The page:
Great Jazz Radio Still Matters Pt.2

Our ongoing series of virtual conversations with jazz broadcasters on why Great Jazz Radio Still Matters, we hear from disparate parts of the country – from New Orleans, Chicago and Los Angeles. Middleton O’Malley – known to his friends as Middie – was one of my broadcast colleagues at the legendary community radio station and upholder of all things New Orleans music – WWOZ. When Suzan & I arrived in New Orleans a short stint while she was a visiting professor at Loyola University, zeroing in my radio interests I was constantly impressed at not only Middie’s sonorous voice, but also his music selection. Still based in NOLA, Middie now hosts a Monday morning 8-10 shift for “All Jazz Radio” WETF ( By day Middie is a real estate agent.

From SoCal we hear from LeRoy Downs, who broadcasts out of KCRW 89.9FM, an NPR station. I met LeRoy years ago as a constant presence at the Monterey Jazz Festival. He frequently hosted the MJF proceedings at the Dizzy’s Den venue. More recently LeRoy has applied his jazz presenting interests to develop the vibrant “Just Jazz Series” of concert performances around L.A.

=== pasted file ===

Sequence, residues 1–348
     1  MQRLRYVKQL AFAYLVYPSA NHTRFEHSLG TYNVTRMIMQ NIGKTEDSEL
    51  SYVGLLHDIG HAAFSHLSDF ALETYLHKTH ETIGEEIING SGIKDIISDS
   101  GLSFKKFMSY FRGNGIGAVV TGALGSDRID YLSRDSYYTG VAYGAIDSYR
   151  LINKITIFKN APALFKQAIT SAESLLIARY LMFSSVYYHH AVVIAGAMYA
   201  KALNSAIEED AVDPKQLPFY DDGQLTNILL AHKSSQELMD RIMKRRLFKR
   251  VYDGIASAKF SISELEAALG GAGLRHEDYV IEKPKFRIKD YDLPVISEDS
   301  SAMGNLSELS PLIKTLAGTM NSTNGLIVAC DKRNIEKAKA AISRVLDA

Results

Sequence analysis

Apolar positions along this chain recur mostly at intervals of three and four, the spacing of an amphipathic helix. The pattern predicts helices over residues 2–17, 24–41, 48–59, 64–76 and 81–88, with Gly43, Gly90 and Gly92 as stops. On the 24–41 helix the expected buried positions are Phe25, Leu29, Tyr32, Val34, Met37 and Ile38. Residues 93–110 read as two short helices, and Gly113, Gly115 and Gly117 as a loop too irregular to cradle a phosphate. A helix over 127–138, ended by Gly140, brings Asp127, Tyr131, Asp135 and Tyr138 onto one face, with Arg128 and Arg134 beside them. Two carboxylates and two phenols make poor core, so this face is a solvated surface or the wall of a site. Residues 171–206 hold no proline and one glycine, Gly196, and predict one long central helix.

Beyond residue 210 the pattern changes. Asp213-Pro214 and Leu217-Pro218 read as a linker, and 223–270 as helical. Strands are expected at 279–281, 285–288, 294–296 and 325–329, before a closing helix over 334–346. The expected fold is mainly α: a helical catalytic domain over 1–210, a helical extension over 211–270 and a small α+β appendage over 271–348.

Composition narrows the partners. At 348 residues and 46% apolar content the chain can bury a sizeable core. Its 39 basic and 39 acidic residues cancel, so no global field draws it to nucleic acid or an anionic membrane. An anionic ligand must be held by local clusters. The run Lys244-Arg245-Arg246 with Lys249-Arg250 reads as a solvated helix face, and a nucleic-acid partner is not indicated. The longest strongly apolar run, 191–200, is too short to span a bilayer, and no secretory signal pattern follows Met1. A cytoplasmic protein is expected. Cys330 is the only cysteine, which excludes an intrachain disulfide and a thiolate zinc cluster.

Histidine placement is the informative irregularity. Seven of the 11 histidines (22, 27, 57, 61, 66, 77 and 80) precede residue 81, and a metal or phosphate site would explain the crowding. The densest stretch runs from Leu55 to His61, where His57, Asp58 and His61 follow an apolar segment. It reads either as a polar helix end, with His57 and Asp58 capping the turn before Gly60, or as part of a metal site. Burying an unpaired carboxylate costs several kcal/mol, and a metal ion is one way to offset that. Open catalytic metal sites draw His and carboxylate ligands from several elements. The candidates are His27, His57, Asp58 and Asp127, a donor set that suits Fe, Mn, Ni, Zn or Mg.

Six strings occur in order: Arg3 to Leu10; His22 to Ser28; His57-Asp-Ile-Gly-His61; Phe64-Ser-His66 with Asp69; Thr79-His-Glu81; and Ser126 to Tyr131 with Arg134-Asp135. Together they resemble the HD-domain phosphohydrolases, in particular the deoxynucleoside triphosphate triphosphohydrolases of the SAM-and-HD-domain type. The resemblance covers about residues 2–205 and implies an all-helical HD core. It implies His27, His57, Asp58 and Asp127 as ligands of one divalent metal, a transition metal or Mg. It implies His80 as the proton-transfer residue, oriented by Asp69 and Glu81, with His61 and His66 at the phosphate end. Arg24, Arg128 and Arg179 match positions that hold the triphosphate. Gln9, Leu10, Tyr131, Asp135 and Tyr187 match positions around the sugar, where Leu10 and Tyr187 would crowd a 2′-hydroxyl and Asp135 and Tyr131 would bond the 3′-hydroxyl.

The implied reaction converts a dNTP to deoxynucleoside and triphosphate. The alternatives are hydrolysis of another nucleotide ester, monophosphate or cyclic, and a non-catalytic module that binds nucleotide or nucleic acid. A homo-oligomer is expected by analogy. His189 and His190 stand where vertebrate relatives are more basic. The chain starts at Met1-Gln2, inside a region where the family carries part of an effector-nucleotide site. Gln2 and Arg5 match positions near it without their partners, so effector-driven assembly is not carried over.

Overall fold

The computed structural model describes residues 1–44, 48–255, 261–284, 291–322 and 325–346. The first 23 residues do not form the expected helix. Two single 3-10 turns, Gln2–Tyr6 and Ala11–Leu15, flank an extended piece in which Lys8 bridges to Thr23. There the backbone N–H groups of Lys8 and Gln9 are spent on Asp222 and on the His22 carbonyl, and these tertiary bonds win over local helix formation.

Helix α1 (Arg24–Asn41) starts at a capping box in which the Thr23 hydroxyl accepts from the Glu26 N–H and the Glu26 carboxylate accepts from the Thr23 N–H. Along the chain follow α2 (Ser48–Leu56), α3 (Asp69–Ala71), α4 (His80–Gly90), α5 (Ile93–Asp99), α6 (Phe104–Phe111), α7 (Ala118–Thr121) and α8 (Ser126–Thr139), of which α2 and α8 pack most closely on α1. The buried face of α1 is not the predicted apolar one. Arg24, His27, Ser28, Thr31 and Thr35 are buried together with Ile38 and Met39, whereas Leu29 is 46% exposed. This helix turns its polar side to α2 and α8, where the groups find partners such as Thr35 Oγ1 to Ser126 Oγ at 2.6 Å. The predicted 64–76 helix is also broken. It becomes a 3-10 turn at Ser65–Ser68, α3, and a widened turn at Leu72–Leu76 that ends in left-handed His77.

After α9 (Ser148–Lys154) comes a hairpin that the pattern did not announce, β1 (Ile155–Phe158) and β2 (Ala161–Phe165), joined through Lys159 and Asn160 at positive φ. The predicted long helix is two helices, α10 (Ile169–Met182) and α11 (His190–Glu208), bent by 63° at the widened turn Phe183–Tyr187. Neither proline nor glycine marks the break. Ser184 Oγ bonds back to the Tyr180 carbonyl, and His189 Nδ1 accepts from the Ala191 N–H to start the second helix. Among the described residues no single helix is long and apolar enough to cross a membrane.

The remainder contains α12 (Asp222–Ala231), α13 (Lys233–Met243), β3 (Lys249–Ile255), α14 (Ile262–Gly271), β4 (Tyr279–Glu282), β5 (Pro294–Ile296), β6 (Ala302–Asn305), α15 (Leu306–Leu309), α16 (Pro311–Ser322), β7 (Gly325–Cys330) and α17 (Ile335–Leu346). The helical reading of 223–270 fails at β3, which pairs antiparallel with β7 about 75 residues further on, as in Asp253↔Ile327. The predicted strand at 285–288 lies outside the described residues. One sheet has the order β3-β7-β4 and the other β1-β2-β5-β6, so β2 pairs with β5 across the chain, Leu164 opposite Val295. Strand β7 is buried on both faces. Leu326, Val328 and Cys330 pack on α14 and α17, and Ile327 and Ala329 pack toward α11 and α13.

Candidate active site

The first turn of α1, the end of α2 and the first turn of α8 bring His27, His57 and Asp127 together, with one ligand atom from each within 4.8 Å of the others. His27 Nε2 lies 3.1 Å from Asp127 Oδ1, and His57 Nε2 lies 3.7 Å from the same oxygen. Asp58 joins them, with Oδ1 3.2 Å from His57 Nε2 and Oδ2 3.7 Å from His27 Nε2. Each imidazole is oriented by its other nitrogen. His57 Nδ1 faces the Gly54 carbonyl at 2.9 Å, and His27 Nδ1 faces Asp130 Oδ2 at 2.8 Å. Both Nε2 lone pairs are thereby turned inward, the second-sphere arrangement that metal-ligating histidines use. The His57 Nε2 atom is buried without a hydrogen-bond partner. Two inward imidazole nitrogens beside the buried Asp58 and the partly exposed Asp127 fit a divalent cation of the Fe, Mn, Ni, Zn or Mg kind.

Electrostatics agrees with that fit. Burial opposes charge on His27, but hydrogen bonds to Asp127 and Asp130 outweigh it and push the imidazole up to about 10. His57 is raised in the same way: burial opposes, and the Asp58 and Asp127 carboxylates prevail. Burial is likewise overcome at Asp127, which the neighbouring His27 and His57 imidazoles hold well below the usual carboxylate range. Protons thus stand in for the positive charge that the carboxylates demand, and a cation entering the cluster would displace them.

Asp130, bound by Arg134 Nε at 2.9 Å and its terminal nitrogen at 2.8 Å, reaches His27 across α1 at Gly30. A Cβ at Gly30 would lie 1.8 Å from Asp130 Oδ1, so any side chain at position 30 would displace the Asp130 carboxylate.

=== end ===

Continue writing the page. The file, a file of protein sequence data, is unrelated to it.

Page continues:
From Chicago we hear from one of my fellow jazz journalist (author of The Playboy Guide to Jazz) and longtime jazz radio host Neil Tesser, who has hosted radio programs in Chicago since 1973, on stations including WNIB-FM, WBEZ (Chicago Public Radio), WSBC-AM, as well as on the nationally-syndicated WFMT Jazz Radio Network. Neil and Mark Ruffin (currently heard on SiriusXM’s Real Jazz channel) also created and co-hosted the nationally-syndicated jazz review show “Listen Here!” Tesser currently hosts the Chicago portion of the KSDS (San Diego) slot “Jazz Across America.”

A jazz radio voice from NOLA: Middleton O’Malley

(In response to my question about the guiding philosophies behind his jazz programming efforts and choices) “Those are heavy words and I’m afraid that for me there is no celestial guidance, nor spiritual manifestation. It’s pretty straight forward. The show focuses almost exclusively on so-called Contemporary Jazz with a balance of styles, eras, instruments, artists, and sonic flow. This blended mixture is designed to honor the musicians, and entertain and inform the audience. That’s job one.

As for the rest of it… I want to hit a groove that moves a listener through a range of emotions. Thought provoking runs, body moving rhythms, sublime heart engaging melodies, harmonic compatibilities that cause the listeners brain to surf the brilliance of the artists’ creation, and an intellectual appreciation for the importance of high quality improvisational music.